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Greg Chapman chapmgre1 at gmail.com
Fri Aug 14 14:00:03 BST 2015


So the question at hand is in a open (sucking) chest wound what would work
best.   Some recent data from the military suggests that the application of
a non-vented chest seal (or three sided dressing that has malfunctioned)
can actually do more harm than no care at all.  If you take a simple
pneumothorax and turn it into a tension by placing an occlusive dressing
have we provided good patient care?

Greg Chapman BS.,RRT, REMT-P
Director, Center for Prehospital Medicine
Carolinas Medical Center
Charlotte NC
704-526-7525

On Fri, Aug 14, 2015 at 8:41 AM, Charles Krin <cskrin2 at hughes.net> wrote:

> I don't know about McSwain's Dart, but I understand that the failure
> rate of needle decompression is rather high...through a combination of
> adverse anatomy and diagnostic problems.
>
> Chuck
>
> On 8/14/2015 07:20, Robert Smith wrote:
> > Is there  a difference in empyema rate or other complication rates chest
> tube vs. needle decompression?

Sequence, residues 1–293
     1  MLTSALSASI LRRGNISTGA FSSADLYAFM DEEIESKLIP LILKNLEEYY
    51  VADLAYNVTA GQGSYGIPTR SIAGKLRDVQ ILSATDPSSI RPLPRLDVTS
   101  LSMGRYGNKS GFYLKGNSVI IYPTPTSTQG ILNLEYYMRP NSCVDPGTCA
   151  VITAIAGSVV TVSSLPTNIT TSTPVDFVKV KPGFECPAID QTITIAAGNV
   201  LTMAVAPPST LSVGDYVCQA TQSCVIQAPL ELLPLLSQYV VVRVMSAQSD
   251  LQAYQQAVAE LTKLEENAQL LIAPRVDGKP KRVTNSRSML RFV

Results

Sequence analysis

> >
> >
> > Robert F. Smith MD, MPH
> > Cook County Trauma (ret)
> >
> >> On Aug 14, 2015, at 7:03 AM, Charles Krin <cskrin2 at hughes.net> wrote:
> >>
> >> I agree with Larry, but also pointed out that it is NOT something US
> >> paramedics are routinely educated and trained to handle, nor something
> >> that generally falls under a paramedic scope of practice to the best of
> >> my knowledge.
> >>
> >> And as more military medics transition back to civilian life, it will be
> >> interesting to see how it affects the National Registry and other
> >> Paramedic certifying groups. It is nice that most of the military medics
> >> are now able to test for appropriate NR levels (something that was not
> >> directly available when I was enlisted back in the early 1980s), but
> >> medics and corpsmen have been able to do *many* more procedures than
> >> their civilian counterparts, at least on other military members.
> >>
> >> Chuck
> >>
> >>
>
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